2
$\begingroup$

I have been struggling with this Representation Theory question for the past week:

Let $R$ be a ring and $S_1, \ldots, S_r$ simple $R$-modules with $S_i$ not isomorphic to $S_j$ whenever $i \neq j$ and fix positive integers $n_1, \ldots, n_r$. Show that we have ring isomorphisms

\begin{align*} End_R{({S_1}^{n_1} \oplus \ldots \oplus {S_r}^{n_r} )} & \cong End_R{({S_1}^{n_1})} \times \ldots \times End_R{({S_r}^{n_r})} \\ & \cong {M_{n_1}}{(End_R{(S_1)})} \times \ldots \times {M_{n_r}}{(End_R{(S_r)})} \end{align*}

If anyone can help, I would highly appreciate it. I think that to prove the second isomorphism, it might be useful to first show that $ End_R{({S_i}^{n_i})} \cong {M_n}{(End_R{(S_i)})}$, which I am not sure how to show or if it even helps. For the first part, there is a lemma we have proved in lectures that looks useful: If $M$ is an $R$-module and $V_1 , V_2$ are simple submodules with $V_1 \ncong V_2$, then $$ End_R{(V_1 \oplus V_2)} \cong End_R{(V_1)} \times End_R{(V_2)} .$$ I am not sure how to use this though, as ${S_i}^{n_i}$'s are not simple. Anyone could help me show both isomorphisms of my initial question? We have also covered Artin Wedderburn Decomposition and 3 versions of Schur's Lemma in lectures. Thanks for your help!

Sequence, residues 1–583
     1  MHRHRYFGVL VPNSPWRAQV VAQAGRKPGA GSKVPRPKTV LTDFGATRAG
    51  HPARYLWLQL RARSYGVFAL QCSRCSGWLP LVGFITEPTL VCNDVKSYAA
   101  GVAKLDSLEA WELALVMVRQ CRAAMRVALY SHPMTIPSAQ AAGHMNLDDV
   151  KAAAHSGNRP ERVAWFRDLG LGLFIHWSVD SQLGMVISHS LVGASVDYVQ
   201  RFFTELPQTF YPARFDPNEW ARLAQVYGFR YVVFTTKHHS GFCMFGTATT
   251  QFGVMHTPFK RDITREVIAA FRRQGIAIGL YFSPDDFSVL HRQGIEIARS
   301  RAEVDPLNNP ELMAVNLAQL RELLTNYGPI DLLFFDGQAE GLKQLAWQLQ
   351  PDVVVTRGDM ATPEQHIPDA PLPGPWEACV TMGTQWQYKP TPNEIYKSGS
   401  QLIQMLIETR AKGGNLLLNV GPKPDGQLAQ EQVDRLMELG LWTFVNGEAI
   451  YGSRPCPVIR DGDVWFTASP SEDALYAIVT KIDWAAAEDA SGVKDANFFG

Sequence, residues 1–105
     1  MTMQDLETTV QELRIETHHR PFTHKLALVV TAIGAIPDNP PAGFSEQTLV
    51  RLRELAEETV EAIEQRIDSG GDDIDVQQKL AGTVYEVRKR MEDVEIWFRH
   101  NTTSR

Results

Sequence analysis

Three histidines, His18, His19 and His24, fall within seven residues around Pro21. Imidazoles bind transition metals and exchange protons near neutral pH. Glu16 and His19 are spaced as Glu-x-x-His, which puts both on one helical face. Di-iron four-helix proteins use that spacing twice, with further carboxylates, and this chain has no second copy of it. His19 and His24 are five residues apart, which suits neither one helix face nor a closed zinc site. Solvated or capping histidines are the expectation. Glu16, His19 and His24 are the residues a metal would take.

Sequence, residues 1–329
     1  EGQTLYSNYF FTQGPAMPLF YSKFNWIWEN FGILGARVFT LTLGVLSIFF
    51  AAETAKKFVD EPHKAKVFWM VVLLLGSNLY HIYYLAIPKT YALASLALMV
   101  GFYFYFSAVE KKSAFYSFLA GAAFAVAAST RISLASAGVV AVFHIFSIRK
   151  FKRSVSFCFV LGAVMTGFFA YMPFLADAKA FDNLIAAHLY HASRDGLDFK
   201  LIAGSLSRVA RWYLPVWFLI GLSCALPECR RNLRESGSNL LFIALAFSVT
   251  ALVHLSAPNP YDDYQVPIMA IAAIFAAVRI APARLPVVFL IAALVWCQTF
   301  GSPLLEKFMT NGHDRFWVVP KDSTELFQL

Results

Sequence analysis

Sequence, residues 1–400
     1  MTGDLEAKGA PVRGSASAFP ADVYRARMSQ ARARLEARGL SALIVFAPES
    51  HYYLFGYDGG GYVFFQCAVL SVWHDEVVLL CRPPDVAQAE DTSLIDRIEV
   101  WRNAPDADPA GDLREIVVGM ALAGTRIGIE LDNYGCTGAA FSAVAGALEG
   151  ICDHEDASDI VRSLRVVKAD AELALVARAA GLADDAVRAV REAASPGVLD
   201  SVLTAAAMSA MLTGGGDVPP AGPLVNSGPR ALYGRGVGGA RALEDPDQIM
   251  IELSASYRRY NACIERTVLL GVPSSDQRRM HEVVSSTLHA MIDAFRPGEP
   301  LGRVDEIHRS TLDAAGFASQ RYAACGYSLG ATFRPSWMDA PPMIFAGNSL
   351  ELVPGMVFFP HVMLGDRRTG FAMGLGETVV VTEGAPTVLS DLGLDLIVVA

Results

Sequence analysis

$\endgroup$
1
$\begingroup$

The first step is to adapt the proof that $$End_R(V_1\oplus V_2)\cong End_R(V_1)\oplus End_R(V_2)$$ to the case of arbitrary $V_1$ and $V_2$ satisfying $Hom_R(V_1,V_2)=0$.

Then, prove the following:

For $\phi\in\mathrm{End}_R(S^n)$, define $$\phi_{ij}=\pi_j\circ\phi\circ \iota_i$$ where $\pi_j:S^n\to S$ is the projection onto the $j$th factor and $\iota_i:S\to S^n$ is the natural embedding into the $i$th factor. Then, the map $$\mathrm{End}_R(S^n)\to M_n(\mathrm{End}_R(S))$$ given by $\phi\mapsto(\phi_{ij})_{i,j=1}^n$ is an isomorphism.

$\endgroup$

Your Answer

By clicking “Post Your Answer”, you agree to our terms of service, privacy policy and cookie policy

Not the answer you're looking for? Browse other questions tagged or ask your own question.